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Blue Highways “The Game” Reflects 20 Years of Bluegrass Excellence

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The Game“The Game,” the title cut of Blue Highway’s new album, is the tale of a rollicking gambler, stylistically kin to songs like the venerable “Wild Bill Jones,” and other bad man ballads. It is rife with recklessness, immoral behavior, and gunplay. It is the kind of stuff that abounds in the earliest bluegrass, yet is a new original song. It was written by Blue Highway’s Shawn Lane and Alison Krauss’ bass player Barry Bales, and sung by Lane with all the fierceness in his wild tenor voice.

The Game, Blue Highway’s new album, marks their twentieth anniversary as a working bluegrass band, and the title cut illustrates several of the band’s strengths. The accompaniment comes from members of the band, all highly regarded instrumentalists; the vocal is performed by one of three excellent lead vocalists in the band, and the song, while original, harks back to the very roots of bluegrass, and highlights the band’s knack for respecting the history of the genre while remaining forward looking. Another Shawn Lane composition, “All The Things You Do,” co-written with Shannon Slaughter, was inspired by the recent untimely death of the great Harley Allen, although the lyric never alludes directly to Harley’s passing. Lane says that he had first begun thinking of a song along such lines upon the passing of bluegrass great Larry Rice. The lyrics deal with the universal sense of loss felt on such occasions.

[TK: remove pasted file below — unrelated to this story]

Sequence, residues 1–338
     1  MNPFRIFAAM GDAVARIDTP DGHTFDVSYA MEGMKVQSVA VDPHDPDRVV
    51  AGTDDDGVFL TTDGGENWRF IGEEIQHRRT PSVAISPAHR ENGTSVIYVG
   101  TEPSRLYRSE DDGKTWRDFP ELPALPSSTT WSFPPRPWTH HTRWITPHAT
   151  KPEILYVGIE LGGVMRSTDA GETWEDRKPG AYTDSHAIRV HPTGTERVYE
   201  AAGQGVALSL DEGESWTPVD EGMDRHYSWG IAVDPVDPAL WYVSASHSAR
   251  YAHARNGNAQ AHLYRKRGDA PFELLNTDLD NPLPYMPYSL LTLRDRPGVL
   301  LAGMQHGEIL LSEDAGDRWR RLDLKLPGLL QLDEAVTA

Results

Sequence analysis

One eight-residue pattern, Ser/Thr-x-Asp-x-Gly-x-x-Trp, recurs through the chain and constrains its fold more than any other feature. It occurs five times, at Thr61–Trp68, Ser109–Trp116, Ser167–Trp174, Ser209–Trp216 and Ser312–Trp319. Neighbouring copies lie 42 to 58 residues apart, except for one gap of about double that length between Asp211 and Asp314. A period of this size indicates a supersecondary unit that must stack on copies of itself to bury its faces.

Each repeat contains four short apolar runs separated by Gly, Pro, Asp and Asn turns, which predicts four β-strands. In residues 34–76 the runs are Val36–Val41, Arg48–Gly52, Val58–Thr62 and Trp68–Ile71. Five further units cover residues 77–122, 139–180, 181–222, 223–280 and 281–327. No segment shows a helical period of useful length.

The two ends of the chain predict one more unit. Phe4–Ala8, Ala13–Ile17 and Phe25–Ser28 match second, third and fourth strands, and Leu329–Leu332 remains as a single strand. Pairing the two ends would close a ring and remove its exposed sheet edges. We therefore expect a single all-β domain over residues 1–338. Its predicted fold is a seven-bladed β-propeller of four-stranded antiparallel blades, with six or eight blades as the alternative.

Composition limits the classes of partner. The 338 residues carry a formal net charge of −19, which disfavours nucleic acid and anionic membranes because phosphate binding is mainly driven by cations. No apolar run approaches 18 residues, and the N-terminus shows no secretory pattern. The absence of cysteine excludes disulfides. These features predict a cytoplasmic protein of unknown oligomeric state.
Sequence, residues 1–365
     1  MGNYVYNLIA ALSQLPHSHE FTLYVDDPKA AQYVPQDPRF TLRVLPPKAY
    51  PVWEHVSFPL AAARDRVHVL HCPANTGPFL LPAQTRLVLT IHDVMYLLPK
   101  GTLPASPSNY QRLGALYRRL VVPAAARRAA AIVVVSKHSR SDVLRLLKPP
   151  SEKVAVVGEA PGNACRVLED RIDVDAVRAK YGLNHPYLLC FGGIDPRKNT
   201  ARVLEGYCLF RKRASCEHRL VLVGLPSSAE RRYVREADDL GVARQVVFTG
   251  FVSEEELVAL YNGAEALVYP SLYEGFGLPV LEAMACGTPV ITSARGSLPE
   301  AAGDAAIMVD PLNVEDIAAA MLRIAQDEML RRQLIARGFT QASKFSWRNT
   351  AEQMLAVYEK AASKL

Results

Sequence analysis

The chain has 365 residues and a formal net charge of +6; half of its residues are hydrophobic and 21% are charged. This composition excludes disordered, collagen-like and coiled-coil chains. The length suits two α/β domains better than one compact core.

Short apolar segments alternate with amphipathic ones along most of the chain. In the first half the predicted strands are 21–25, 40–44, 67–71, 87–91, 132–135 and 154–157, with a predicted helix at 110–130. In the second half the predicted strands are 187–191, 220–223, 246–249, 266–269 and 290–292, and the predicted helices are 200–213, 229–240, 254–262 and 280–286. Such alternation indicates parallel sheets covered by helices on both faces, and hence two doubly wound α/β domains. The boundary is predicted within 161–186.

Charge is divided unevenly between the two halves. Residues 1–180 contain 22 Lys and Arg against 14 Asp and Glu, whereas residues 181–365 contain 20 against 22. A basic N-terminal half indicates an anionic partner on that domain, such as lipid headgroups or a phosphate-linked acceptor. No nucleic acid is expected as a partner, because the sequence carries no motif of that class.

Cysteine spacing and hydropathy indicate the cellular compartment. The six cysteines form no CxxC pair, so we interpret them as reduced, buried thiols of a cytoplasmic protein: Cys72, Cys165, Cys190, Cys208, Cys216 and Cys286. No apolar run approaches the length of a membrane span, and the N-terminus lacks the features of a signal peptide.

A veteran of both Doyle Lawson’s and Ricky Skaggs’ bands, prized for his voice as well as his mandolin and fiddle virtuosity, Lane has been a key component of the Blue Highway sound, and has contributed many outstanding original songs to the band’s oeuvre. Two more examples of that are “Where Jasmine Grows,” a co-write with Gerald Ellenburg, and the melancholy “Just To Have a Job,” the latter an example of Lane’s feeling for the working man, a theme that permeates his best work.

During their twenty years together, Blue Highway has maintained an unusually high level of excellence in their music, consistently turning out bluegrass that’s characteristically true to the principles of the genre while remaining both memorable and original. Amazingly, the original personnel from the band (which formed in 1994) remains intact, a remarkable achievement in itself, given the frequent mixing and matching of personnel that is more the norm (banjo player Jason Burleson did leave for a short period early on, but soon returned to the band)

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